Now the boxscore never tells the whole story of any player or team, but it can provide a 3000 foot view of the problems. And oh boy is this boxscore ugly. As a collective, the Frogs have shot ghastly 38/32/56 splits. Their assist to turnover ratio is 0.7. Opponents are shooting just under 50% from the field including just under 40% from three. The rebounding, assist, and turnover disparities are stunning. On an individual basis, plenty of guys are in cold spells. Breakout freshman Mike Miles has struggled from the floor, while PJ Fuller has only made one field goal in ten attempts. RJ Nembhard’s efficiency has plummeted and his turnovers have risen, while Kevin Samuel is averaging a paltry ten attempts per 36 minutes. All in all, the numbers are brutal across the board.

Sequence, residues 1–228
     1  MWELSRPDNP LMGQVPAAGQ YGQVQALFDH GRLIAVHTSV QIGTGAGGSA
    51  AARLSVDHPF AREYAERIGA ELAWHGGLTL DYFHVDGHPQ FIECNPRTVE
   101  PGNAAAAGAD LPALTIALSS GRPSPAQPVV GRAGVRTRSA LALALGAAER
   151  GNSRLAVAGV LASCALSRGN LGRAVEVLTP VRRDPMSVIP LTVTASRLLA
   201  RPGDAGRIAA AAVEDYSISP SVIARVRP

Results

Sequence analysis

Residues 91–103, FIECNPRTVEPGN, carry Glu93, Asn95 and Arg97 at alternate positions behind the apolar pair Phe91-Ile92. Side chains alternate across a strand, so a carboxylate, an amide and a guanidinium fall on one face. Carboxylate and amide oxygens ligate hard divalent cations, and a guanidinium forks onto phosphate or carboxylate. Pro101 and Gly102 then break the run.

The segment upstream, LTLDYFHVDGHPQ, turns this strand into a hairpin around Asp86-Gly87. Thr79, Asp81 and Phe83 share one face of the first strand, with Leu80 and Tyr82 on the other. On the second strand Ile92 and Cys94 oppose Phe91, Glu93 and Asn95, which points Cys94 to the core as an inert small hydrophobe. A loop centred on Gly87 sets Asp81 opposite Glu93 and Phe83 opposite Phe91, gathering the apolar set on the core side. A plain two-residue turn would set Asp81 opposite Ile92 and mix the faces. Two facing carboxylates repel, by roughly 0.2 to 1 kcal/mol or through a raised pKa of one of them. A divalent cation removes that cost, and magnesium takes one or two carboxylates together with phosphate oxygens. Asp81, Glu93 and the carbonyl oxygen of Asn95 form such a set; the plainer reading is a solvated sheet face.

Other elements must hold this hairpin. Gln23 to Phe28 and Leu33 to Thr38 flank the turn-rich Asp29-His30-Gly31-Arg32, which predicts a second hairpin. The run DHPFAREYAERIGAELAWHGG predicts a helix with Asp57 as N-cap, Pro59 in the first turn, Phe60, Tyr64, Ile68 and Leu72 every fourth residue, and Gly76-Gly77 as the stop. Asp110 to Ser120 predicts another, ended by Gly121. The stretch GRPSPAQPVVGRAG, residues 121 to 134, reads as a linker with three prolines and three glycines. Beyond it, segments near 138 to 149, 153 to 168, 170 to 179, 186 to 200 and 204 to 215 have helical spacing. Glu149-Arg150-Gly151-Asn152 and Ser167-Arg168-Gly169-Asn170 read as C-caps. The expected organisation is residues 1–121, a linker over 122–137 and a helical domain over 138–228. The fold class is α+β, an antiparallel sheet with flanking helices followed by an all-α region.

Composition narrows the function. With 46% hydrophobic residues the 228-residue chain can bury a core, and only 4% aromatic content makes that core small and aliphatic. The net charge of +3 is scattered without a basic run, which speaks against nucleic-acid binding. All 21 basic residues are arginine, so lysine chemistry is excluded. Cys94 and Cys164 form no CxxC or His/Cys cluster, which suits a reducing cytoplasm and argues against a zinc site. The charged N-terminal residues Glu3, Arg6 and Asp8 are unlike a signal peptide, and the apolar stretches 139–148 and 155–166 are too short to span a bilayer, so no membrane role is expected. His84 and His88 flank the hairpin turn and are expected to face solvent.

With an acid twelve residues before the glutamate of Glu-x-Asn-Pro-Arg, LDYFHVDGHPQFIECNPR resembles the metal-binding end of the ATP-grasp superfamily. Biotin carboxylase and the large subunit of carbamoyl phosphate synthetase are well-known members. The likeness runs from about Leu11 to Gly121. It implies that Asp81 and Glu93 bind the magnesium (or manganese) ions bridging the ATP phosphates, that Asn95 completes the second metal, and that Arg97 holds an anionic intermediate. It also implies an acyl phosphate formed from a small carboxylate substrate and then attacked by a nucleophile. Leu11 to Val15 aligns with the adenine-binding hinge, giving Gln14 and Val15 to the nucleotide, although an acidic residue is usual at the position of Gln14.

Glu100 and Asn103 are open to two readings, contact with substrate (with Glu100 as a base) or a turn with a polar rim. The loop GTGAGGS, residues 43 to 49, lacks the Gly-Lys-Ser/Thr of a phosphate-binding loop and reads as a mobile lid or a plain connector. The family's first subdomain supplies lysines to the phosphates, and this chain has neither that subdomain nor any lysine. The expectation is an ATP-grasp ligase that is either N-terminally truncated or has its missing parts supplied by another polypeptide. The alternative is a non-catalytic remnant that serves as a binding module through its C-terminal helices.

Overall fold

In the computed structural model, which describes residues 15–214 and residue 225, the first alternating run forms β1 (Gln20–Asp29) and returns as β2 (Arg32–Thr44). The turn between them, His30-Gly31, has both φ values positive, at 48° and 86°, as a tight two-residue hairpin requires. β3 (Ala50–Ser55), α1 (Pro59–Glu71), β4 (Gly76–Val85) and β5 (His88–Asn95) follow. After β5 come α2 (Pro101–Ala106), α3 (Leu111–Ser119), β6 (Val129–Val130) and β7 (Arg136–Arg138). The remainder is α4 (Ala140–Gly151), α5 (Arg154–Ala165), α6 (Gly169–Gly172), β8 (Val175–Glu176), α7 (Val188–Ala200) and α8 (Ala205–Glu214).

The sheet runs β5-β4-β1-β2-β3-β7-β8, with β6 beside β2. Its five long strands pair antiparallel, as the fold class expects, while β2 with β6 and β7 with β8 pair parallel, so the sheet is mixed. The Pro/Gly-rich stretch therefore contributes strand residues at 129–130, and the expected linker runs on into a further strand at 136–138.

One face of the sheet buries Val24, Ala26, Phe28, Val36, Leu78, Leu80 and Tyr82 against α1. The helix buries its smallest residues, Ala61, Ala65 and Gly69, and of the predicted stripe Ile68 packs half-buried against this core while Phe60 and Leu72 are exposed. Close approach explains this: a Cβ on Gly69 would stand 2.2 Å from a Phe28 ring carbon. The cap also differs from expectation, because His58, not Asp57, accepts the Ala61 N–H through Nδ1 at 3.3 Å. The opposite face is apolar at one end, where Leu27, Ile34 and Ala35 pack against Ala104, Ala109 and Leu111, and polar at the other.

Advanced stats aren’t much kinder. The Frogs have plummeted from 63rd to 96th in the KenPom rankings over the course of this losing streak, threatening to end up outside the top 100 for the first time at any point in the Dixon era. The Frogs’ conference offensive and defensive ratings rank 8th and 10th respectively, positioning them as one of the bottom three teams in the Big 12 ahead of Iowa State and Kansas State. They play at one of the slowest paces in the conference, yet give up possessions via turnovers (8th in conference at turnover rate) and missed shots in close (47.6% on 2 pointers is 9th in conference).
Impatience on Offense